The first thing you should NOT do is panic. Keep in mind that many content pieces rise high in the search engines within the first few hours of publication then fall again. Give the negative content up to three hours to settle before getting too wrapped up about the negative reports. If the content is still ranked higher than you after six hours, then it’s time to respond.

DO NOT respond directly on the page where your negative report appears. That almost always signals to the search engines that the piece is valuable and offers legitimacy for that page to stay high in the search rankings.

Instead, undergo a positive publicity campaign.

If possible, publish two or three press releases. Make them about different newsworthy items. If you can’t do that, then write three separate press releases on the same newsworthy item, and be sure the content in each press release is very unique. Publish them at three separate press release distribution websites, and be sure to send them to relevant news media personnel by e-mail as well.

Write a blog post and send a couple of guest blogging queries out as well. And share as much as you can through social media. The goal is to combat the high search rankings of negative content with promotion of positive content.

Don’t be afraid to think outside of the box. And be sure to target the exact keywords that your negative content is ranking for. Be diligent in publishing new, fresh, and original content targeting the proper keywords. It may take a few days to push the negative content down. If you see minimal results, keep going.

The worst thing you can do is react to the negative mentions by retaliating. If you do that, you could have a worse reputation management problem.

Do you know which demographic spends more time on social networks? If you guessed moms with young children, then you’d be right.

It isn’t hard to figure out why young moms spend more time online than anyone else. Their children aren’t old enough yet to demand running around here and yon. Older kids have extra-curricular activities. Younger kids have diapers.

Young moms can put the youngster to bed for a nap and sneak away to Facebook.

But they’re not just talking to their friends either. They’re actually engaging with brands.

These moms also engage with more brands online and they say advertising helps them choose the right products for their children.

In addition to using social media to find products for their young children, moms also are active on mobile devices. In fact, they’re twice as likely to use their mobile phones to access the Web than the rest of the population. They’re also heavy users of their tablets for Web surfing.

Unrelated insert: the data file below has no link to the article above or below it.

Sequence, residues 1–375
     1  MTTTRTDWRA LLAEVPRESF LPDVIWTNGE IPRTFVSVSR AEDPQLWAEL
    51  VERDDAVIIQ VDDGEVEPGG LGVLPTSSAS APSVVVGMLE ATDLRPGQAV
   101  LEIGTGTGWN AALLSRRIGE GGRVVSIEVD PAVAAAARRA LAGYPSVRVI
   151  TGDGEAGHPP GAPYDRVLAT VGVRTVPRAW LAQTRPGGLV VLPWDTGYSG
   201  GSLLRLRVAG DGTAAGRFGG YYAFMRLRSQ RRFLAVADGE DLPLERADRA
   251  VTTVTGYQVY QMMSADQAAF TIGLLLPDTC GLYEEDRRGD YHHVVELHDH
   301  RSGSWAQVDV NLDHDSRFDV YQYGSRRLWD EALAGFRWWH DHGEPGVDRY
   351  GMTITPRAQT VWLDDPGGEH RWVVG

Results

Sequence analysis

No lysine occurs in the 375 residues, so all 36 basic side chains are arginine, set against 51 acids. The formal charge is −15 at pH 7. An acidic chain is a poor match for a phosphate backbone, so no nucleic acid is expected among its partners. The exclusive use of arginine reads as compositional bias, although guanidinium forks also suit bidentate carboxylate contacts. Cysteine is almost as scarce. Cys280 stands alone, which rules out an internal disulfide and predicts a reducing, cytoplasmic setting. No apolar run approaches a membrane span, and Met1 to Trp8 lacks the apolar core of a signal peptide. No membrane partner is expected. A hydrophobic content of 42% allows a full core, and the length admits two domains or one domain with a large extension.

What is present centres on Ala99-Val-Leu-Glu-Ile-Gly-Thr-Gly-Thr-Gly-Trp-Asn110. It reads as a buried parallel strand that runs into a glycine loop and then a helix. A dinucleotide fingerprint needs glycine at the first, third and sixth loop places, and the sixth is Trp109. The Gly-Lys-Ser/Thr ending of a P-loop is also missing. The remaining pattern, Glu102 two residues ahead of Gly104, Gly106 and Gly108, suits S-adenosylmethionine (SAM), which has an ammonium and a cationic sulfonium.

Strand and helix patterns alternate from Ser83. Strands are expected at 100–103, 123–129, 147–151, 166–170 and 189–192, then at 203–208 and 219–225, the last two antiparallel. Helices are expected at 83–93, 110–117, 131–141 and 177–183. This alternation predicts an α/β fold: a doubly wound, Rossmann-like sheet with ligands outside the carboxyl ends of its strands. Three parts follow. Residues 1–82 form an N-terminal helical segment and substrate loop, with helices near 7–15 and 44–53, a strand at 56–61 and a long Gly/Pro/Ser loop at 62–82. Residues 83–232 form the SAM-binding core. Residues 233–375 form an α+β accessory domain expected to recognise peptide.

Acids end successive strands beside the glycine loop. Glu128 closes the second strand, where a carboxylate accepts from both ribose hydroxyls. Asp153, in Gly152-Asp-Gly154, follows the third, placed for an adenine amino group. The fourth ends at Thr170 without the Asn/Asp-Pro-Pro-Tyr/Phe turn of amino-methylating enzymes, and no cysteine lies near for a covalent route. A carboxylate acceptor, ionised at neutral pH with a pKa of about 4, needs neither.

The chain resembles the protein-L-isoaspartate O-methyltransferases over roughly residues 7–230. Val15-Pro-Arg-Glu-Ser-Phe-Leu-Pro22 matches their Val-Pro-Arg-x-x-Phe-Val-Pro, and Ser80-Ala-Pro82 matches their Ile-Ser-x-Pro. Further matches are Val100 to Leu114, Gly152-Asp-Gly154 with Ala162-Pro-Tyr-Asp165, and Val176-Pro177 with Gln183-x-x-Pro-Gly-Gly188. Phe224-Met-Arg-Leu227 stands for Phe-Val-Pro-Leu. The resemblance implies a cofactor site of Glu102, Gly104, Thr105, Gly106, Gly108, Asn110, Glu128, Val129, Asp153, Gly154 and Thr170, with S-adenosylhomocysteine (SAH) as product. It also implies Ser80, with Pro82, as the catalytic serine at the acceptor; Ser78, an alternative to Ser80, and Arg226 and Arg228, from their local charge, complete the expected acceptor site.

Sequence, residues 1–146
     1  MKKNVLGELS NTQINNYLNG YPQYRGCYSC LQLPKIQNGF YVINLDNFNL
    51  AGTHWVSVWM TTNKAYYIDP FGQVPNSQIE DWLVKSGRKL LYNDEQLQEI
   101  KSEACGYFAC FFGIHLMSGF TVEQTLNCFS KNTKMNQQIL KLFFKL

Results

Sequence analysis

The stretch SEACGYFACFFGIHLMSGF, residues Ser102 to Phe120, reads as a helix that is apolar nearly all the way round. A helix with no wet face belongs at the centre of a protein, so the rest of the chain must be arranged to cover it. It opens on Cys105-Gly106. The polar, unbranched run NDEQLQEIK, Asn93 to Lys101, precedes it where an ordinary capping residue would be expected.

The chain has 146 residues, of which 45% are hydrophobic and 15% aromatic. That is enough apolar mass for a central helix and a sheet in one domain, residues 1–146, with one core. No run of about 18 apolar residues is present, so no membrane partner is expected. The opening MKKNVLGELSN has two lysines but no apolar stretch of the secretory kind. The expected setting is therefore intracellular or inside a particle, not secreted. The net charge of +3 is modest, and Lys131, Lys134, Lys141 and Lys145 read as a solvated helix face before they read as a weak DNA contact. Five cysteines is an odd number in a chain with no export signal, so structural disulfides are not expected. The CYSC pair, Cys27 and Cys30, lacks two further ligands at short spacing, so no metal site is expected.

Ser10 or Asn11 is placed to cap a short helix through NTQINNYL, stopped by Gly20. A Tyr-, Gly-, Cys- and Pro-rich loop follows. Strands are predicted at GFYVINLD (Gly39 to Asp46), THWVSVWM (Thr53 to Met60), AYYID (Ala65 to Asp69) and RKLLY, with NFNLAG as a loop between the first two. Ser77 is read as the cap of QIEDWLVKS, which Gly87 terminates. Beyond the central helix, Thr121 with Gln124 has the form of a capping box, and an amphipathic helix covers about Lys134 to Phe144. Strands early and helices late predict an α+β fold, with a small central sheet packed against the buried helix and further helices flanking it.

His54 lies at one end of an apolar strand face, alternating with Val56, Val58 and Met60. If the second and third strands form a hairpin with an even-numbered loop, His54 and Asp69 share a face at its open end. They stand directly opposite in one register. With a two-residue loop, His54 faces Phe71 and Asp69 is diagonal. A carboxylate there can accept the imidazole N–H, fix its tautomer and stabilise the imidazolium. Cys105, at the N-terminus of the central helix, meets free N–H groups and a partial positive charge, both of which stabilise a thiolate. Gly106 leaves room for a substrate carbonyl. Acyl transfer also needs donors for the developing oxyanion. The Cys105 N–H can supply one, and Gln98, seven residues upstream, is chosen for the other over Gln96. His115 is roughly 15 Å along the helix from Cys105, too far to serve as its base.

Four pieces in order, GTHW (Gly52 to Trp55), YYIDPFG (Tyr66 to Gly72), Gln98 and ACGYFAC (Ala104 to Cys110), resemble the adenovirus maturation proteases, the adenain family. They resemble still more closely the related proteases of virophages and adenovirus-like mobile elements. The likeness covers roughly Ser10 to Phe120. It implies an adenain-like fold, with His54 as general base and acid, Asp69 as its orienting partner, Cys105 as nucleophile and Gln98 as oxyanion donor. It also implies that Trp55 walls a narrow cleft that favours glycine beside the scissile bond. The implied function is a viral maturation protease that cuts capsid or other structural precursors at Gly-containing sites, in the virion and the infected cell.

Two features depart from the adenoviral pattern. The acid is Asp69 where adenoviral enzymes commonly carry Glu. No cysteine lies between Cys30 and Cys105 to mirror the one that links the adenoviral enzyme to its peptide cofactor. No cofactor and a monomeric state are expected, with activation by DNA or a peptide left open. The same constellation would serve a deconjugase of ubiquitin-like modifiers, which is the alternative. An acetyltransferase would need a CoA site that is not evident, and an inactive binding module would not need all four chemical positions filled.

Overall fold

All of that spells one thing: If your target market is young moms and you sell online, then you can have a heyday. Take to social media and look for those moms who are searching for products for their young children. It’s a great demographic to market to anyway, but it’s even better now that you know they spend more time online than their neighbors.

Both Starbucks and Amazon have started a gift giving campaign using Twitter as the delivery vehicle. In Starbucks’ case, gift senders can send a $5 gift card to one of their Twitter followers. But one problem with this seems to be that the receiver may not know about the gift and, if they don’t redeem it, then it’s money down the drain for you.

One quick fix for that problem, however, is this: Hold a contest. That way, the receiver of the gift will be expecting it and should redeem the gift certificate when it comes through to them on Twitter.

Amazon’s gift giving program allows you to donate money to your favorite charity, which can actually make you feel better about your philanthropy. The program is called Amazon Smile Program, and how it works is like this: You designate .05% on eligible purchase items to go to a charity of your choice. This is done before selecting your shipping options.

With Amazon’s program, you can choose a recommended charity or pick one of your own.

Here’s the question: Is this the new thing in online marketing? Will this start a new trend? Will other companies, like Amazon, commit to giving to charitable causes out of their own pockets as a branding strategy? Will other retailers, like Starbucks, allow you to give Twitter gift certificates to your followers? If this catches on, expect Twitter to get a little bit more like the wild west – and that may not necessarily be a bad thing. Getting any ideas?